How to Keep athletes health and Help them perform at the highest level.

Exposure isn’t the only thing recruiting is about. It also concerns getting athletes onto the playing field, keeping athletes healthy, and helping them perform at the highest level.  My goal is to help athlete with those things too. 

Click the graphic to select 3 topics you’d like to learn more about. 


Recruiting after September 1 : the contact rules have changed

There is some crucial information to know about the recent recruitment period. It is important to realize that September 1 marks the beginning of the contact period. College coaches can now send Junior and Senior college prospects a lot more communication.

Here are some forms of communication that can take place, however the most common are:

  • Weekly phone calls from college coaches (one per week)
  • Personal correspondence from college coaches via text, phone or email
  • High school campus visit (only one)
  • Verbal Scholarship Offers
  • Invitations for official college campus visits
  • Recruiting materials such as college brochures and letters

Athletes who experience this level of communication can be sure that it is a favorable indicator of interest.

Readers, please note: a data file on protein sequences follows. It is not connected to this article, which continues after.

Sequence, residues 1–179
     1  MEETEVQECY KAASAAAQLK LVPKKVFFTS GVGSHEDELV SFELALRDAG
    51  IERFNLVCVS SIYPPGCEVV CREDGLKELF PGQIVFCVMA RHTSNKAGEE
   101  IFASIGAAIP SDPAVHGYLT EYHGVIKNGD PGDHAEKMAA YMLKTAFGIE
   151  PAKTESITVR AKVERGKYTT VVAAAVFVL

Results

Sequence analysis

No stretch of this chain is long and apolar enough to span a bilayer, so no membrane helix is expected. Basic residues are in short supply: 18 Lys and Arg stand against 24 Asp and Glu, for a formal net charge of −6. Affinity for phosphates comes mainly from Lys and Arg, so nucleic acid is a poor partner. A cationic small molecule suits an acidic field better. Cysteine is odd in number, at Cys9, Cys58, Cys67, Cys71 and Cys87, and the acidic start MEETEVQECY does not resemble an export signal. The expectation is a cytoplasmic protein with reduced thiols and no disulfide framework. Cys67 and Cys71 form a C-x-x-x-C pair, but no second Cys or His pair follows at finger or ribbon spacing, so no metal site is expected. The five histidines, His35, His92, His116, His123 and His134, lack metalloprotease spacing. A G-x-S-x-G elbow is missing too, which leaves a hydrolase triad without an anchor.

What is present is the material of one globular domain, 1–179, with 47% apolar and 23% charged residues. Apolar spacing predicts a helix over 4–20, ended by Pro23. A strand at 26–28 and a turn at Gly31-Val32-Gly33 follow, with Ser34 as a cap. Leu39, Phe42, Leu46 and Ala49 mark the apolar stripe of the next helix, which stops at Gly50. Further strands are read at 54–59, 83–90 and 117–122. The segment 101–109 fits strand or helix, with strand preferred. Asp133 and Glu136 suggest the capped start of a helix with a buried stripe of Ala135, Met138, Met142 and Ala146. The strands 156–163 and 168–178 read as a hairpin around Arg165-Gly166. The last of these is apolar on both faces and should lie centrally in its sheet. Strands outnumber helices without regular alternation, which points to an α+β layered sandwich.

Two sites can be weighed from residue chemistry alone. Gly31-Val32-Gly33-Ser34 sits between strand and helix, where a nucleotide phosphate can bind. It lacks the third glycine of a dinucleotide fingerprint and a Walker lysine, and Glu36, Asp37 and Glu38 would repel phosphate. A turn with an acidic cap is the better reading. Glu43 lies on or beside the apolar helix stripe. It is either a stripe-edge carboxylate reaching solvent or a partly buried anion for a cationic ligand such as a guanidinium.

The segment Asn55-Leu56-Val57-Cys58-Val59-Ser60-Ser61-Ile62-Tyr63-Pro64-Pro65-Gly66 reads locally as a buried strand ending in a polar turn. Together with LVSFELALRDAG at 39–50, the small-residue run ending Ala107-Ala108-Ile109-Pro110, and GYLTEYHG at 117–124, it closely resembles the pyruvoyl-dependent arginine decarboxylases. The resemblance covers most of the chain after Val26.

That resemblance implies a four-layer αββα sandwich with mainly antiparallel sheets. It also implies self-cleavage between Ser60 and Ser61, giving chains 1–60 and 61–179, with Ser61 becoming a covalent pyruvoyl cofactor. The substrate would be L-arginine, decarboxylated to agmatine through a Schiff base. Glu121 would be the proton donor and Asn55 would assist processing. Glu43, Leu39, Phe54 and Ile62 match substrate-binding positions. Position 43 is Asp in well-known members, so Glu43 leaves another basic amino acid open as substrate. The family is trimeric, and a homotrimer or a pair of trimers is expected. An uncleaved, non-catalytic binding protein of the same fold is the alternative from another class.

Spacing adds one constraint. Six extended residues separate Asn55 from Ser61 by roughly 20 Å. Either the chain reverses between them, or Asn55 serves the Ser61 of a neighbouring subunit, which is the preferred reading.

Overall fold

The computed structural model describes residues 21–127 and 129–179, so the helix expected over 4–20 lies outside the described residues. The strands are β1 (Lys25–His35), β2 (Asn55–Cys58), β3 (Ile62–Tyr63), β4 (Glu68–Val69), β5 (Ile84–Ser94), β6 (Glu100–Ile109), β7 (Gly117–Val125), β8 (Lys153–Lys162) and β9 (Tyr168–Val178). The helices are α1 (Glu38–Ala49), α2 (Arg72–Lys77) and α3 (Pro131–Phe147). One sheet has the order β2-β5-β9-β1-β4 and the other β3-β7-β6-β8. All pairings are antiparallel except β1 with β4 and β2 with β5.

However, athletes not getting any communication should start being proactive immediately. There is an old but true phase, “if you keep doing what you’re doing, you will keep getting what you”re getting.” If the results you have are not what you expected then it’s time to make a change.

Student athletes and supportive parents should consider contacting a reputable and credible recruiting resource like PrepStar to to learn how to increase exposure and open recruiting communication with college coaches.

Have questions? Need help?  Contact me to set up a time to talk (get free advise!) or use the comment section below.

Recruiting myths about the quiet period 

Recruiting becomes hot as August begins, just as summer begins to cool down. However, before it starts to boil, there is a brief pause in recruiting. That pause is known as the Quiet Period.

There are many myths and misconceptions about the Quiet Period, so this article will clear up five of them. 

Photo by Lucas Andrade at Unsplash

Myth #1: That quiet period means absolute silence. Most parents and athletes think that this mean coaches can’t talk to prospective student athletes. True, NCAA communication rules are restricted during the quiet period. But in the end, colleges coaches are permitted to communicate with prospective student athletes during the quiet period.

Myth #2: Athletes can’t contact coaches. Not true. According to the NCAA recruiting guidelines, prospective student athletes can contact college coaches beginning on the first day of freshman year. Additionally, student-athletes are permitted to contact coaches at any time during the recruiting process.